Hi,

Could anyone check the attached and see where i have gone wrong on this problem. Asked to find parametric form of pde and hence relationship between u and x,y. The general solution does not match the solution for initial conditions

Thanks

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- Dec 22nd 2010, 01:49 PMbugatti79Parametric form of Quasi Linear PDE
Hi,

Could anyone check the attached and see where i have gone wrong on this problem. Asked to find parametric form of pde and hence relationship between u and x,y. The general solution does not match the solution for initial conditions

Thanks - Dec 22nd 2010, 02:38 PMJester
I believe you changed sign going from

$\displaystyle - \dfrac{1}{x} = t + A \; \text{to}\; x = \dfrac{1}{-t - A}$

Edit. No mistake - my bad. - Dec 22nd 2010, 04:53 PMAckbeet
But isn't it true that if

$\displaystyle -\dfrac{1}{x}=t+A,$ then

$\displaystyle \dfrac{1}{x}=-t-A,$ and hence

$\displaystyle x=\dfrac{1}{-t-A}?$ So, I think that's all right.

I think the mistake might be in applying the initial conditions. Are you told that when $\displaystyle u=0,$ it's also true that $\displaystyle t=0?$ I don't see that in the original problem statement. So, you can only say that

$\displaystyle s=\dfrac{1}{-t-A}.$

You've parametrized the equation in terms of $\displaystyle t$ but there's no guarantee that that parametrization has its origin just anywhere you want it, right? I would go through and re-apply the initial conditions after your integrations, and just leave $\displaystyle t$ in there and see what happens. - Dec 23rd 2010, 01:51 AMbugatti79
Danny and Ackbeet,

The problem statement is all that was given however examples in the lectures notes are based on the idea that we parametrise the initial conditions so that they correspond to t=0. So I am assuming this for the above problem, ie

A characteristic passes through $\displaystyle \Gamma$ at point $\displaystyle P (x=s, y=1-s, u=0) at t=0$

This is the only way we have been taught. I spotted an error where s should be equal to $\displaystyle \frac{1}{t+\frac{1}{x}}$ Ie, the minus is changed to a plus. This still doesnt solve the problem.... - Dec 23rd 2010, 02:45 AMAckbeet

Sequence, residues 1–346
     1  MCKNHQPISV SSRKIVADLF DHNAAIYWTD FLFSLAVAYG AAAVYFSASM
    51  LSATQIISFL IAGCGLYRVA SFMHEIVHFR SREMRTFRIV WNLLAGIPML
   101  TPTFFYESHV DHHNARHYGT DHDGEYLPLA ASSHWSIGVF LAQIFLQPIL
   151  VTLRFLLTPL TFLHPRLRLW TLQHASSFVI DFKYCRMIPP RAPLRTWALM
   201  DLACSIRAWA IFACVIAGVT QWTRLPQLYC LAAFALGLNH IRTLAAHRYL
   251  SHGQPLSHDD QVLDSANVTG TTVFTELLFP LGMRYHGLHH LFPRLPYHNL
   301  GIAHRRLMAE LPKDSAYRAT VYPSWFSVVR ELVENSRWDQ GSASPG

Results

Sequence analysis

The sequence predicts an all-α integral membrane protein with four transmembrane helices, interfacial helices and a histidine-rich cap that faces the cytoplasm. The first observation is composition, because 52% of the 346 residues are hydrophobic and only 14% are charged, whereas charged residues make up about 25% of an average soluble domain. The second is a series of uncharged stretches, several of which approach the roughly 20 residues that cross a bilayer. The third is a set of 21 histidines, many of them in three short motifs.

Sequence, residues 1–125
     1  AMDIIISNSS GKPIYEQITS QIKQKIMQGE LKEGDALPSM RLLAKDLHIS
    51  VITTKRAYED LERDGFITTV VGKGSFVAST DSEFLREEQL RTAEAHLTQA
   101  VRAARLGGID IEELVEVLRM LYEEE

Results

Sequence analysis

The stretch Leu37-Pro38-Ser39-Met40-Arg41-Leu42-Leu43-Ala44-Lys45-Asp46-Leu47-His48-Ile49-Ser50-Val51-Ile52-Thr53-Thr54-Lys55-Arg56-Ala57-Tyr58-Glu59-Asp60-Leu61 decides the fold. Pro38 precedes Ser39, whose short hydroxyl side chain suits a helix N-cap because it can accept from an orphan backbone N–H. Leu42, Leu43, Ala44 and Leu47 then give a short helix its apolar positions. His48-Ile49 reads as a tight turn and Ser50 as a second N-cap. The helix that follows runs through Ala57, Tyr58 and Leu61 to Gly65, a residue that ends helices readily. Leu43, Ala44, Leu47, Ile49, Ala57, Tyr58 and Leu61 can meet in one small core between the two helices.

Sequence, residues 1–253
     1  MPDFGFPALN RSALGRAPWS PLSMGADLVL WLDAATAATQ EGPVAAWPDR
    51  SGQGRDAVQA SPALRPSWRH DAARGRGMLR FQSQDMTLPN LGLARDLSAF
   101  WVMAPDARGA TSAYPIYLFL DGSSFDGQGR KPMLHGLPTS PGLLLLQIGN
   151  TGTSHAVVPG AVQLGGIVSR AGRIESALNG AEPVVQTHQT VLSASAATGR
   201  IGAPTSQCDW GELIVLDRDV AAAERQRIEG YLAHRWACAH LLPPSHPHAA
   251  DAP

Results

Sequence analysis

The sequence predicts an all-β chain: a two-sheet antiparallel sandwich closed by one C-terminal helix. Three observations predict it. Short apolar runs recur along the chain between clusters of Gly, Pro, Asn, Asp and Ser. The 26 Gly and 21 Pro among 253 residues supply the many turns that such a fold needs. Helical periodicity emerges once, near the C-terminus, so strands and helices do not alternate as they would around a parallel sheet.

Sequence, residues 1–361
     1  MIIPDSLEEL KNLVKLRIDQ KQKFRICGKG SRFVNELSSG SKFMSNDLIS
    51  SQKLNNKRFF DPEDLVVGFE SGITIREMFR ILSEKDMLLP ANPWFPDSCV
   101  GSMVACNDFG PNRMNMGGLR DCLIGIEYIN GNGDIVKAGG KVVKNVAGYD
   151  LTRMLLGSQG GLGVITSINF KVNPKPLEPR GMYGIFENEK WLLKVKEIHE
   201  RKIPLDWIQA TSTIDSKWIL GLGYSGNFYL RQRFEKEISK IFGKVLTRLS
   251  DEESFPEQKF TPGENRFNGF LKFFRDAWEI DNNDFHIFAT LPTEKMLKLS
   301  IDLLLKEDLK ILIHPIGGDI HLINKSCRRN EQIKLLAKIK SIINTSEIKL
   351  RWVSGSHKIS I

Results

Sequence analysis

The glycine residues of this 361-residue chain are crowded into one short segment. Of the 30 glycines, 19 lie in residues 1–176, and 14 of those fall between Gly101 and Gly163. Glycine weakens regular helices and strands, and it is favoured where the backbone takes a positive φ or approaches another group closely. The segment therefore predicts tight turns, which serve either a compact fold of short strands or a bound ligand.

So your final equation there is

$\displaystyle \displaystyle y=\frac{u^{2}}{2}+1-\left[\frac{1}{u+\frac{1}{x}}\right],$ incorporating the sign correction.

Evaluating at $\displaystyle u=0, x=s$ yields

$\displaystyle \displaystyle y=1-\left[\frac{1}{\frac{1}{s}}\right]=1-s,$

as required. Which initial condition is not being satisfied here? - Dec 23rd 2010, 03:23 AMbugatti79
mmmm...that makes perfect sense what you did but im going the other way, ie I want to see if u goes to 0 when i sub x=s and y=1-s into general solution.

Afer some manipulation I get

$\displaystyle -s=\frac{u{^2}}{2}-\frac{s}{us+1}$ I cant see how this gets u=0. Is this to do with the general solution being defined implicitly?

Thanks - Dec 23rd 2010, 04:57 AMAckbeet
Your equation is correct. You can keep going, you know. Get a common denominator on the RHS, multiply through by that common denominator, get all the $\displaystyle u$'s over to one side, etc. I get the following:

$\displaystyle u^{3}s+u^{2}+2us^{2}=0,$ which implies either that $\displaystyle u=0,$ or that

$\displaystyle u=\dfrac{-1\pm\sqrt{1-8s^{3}}}{2s}.$

Does $\displaystyle u$ have to be real for all $\displaystyle s?$ If so, then you can definitely rule out both of these solutions, and you're forced to conclude that $\displaystyle u=0.$ Otherwise, I'm not sure you can. - Dec 23rd 2010, 06:04 AMbugatti79
- Dec 23rd 2010, 06:11 AMAckbeet
Hmm. Well then, there's no

*a priori*reason to rule out the nonzero solutions. Incidentally, for those nonzero solutions, you'll get real $\displaystyle u$ if and only if $\displaystyle s \le 1/2$. I don't know how much more can be said on the matter.